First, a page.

Being asked the question on how I did last year, I started to look at the TSX performance and was surprised to see the that the TSX was only up by 2.95% and 2.63% per year over the past 15 and 10 year periods. It was up some 6.03% per year over the past 5 years. I have data going back to 1956 on the TSX and I believe that was the start date for the TSX. The TSX is up by 5.50% per year since 1956.
As I understand it, dividends add about 2% per year over the long term to the TSX Index. So, even with dividends included the TSX is only up 4.95% and 4.63% per year over the past 15 and 10 year periods. It would be up 8.03% per year over the past 5 years. And up by 7.50% per year since 1956. What I like to see on my investments is long term increase per year of at least 8% per year. I am looking at a combined return of both capital gains and dividends in my 8% per year total return.
I seldom look at what the stock market is doing and only occasionally look at the TSX. I belong to some investment clubs, but they mostly look at the US markets rather than the Canadian markets. This is why I was surprised to see the long term results of the TSX. I do look at how I am doing and I am especially interested in any change in the dividend income I am receiving.
With my portfolio, it is up by 5.49% and 6.30% per year over the past 15 and 10 years. It is up by 6.40% per year over the past 5 years. My total return (which includes income and what I took out of my portfolio over the past 5 and 10 years is 9.48% and 9.43% per year. I have not calculated for a 15 year period because it is a lot more complex that just looking at portfolio increases. I am taking out around 3% of my portfolio each year currently, but took more out in the past.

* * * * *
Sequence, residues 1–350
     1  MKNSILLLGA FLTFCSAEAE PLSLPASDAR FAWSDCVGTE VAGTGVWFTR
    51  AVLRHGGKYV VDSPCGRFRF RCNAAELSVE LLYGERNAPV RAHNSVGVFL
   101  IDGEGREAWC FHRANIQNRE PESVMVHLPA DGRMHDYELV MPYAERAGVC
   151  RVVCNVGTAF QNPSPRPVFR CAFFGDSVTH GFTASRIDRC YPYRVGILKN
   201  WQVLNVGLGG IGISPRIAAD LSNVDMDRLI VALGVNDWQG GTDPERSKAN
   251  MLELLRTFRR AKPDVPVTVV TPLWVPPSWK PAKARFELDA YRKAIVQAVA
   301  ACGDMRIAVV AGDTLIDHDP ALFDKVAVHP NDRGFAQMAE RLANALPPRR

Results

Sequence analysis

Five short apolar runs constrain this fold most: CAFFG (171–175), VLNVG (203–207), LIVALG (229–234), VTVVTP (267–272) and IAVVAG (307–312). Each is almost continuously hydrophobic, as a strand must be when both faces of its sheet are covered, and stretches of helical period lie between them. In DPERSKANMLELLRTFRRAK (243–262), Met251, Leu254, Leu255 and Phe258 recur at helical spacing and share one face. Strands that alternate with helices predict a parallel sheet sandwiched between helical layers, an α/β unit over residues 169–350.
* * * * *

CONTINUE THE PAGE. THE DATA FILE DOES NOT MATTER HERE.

My dividends income increased last year by 4.45% and I had a 5 year average increase of 5.08% per year. Last year was rather a tough year for dividends as some suspended dividends and other cut them. However, there were also some dividend increases.
The TSX has a lot of resource stocks and I have less than 1% in resource stocks. It is probably because of the resource stocks, like Oil and Gas, is why I did better than the TSX. I also mostly go for Dividend Growth Stocks.
It is quite easy to do what I do. Buy some good Canadian stock that pays dividends and especially ones that increase their dividends over time. You can just Google “dividend aristocrats index Canada” and you will get lots of hits. The link to the stocks on this index is here. The blogger of Dividend Growth Investing and Retirement has great spreadsheets on these sorts of stocks. Another great source is Money Sense’s Top 100 dividend stocks that they put out each year. The list for 2021 is on the Money Sense site.
The blogger Dividend Earner gives lots of information on these stocks and includes the Payout Ratio. Payout Ratio is important as you want to be sure that companies you invest in can actually pay the dividends that they pay, especially over the long term. Stay away from resource stocks.
Try to pay a reasonable price. This is much harder to figure out. Analyst’s recommendations are generally not helpful at all. Most Analysts’ recommendations consensuses are a Buy. I compare the current dividend yield to the 10 year median and historical median yields. The closes you can get to this information is to look for the stock on Morningstar. If you click the dividend tag you get the current trailing dividend yield and 5 year trailing dividend yield average. So basically, you want the current dividend yield to be at or higher than the 5 year average dividend yield.
On my other blog I wrote today about RioCan Real Estate (TSX-REI.UN, OTC-RIOCF) ... learn more. Next, I will write about H & R Real Estate Trust (TSX-HR.UN, OTC-HRUFF) ... learn more on Wednesday, March 17, 2021 around 5 pm.
This blog is meant for educational purposes only and is not to provide investment advice. Before making any investment decision, you should always do your own research or consult an investment professional. I do research for my own edification and I am willing to share. I write what I think and I may or may not be correct.
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